Migration pressure is easing – very slowly – but perhaps enough to suffocate the elephant in the room for the Prime Minister before she is forced to tackle it head-on.
The annual net migration gain – the number of new people in the country when you subtract departures from arrivals – fell to 67,984 in the year to March.
That’s about 4500 below the record peak last July – not much, but just the enough for the Government right now.
Immigration policy has been an awkward thing for the Labour Party since it hitched a ride on NZ First’s anti-immigration wave last year under Andrew Little’s leadership.
Jacinda Ardern softened the rhetoric but broadly did not back away from Little’s suggested cuts of 20,000 – 30,000 to annual net migration.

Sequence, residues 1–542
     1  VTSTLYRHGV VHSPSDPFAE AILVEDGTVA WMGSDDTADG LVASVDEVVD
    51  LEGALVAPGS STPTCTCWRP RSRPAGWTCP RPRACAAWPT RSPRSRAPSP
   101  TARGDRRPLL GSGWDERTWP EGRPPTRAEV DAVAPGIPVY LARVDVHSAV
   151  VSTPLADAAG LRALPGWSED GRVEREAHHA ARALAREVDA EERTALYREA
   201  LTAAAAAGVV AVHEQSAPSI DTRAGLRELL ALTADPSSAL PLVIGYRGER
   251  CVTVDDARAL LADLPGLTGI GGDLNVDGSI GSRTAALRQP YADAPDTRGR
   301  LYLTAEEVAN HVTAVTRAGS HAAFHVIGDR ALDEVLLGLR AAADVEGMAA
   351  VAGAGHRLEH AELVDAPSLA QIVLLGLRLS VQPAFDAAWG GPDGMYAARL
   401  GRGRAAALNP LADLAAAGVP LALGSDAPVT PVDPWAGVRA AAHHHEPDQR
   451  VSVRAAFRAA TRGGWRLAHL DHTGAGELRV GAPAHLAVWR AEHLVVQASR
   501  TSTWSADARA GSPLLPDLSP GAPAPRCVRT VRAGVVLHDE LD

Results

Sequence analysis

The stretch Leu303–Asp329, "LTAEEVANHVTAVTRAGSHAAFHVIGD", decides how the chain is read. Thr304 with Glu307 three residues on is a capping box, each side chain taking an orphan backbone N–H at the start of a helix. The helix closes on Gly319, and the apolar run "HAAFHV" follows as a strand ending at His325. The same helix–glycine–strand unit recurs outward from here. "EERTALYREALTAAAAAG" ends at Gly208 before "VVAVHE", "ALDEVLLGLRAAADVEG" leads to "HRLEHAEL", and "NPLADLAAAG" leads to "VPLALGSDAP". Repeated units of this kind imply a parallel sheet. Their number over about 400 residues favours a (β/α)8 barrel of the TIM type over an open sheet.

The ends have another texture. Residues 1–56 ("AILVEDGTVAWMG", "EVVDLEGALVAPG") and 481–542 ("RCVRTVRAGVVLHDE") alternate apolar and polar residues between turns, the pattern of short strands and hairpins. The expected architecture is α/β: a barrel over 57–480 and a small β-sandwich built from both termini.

Labour’s stance has even earned Ardern unfavourable and unfair comparisons to Donald Trump.
In reality though, Labour has not been quick to act on any new immigration policy other than to tighten up on rules for student visas.
That’s because it has become clear that going cold turkey on net migration gains would stall an already slowing economy. Ironically, it would slow the building of new housing and infrastructure needed to meet the growing population.
One suspects the lack of action is also because an anti-immigrant stance has never sat well with Ardern and the more progressive end of the Labour party – the team currently running things.
However, the coalition agreement with New Zealand First (which ran with anti-immigration rhetoric and suggested more radical cuts to a net gain of 10,000) has kept some pressure on.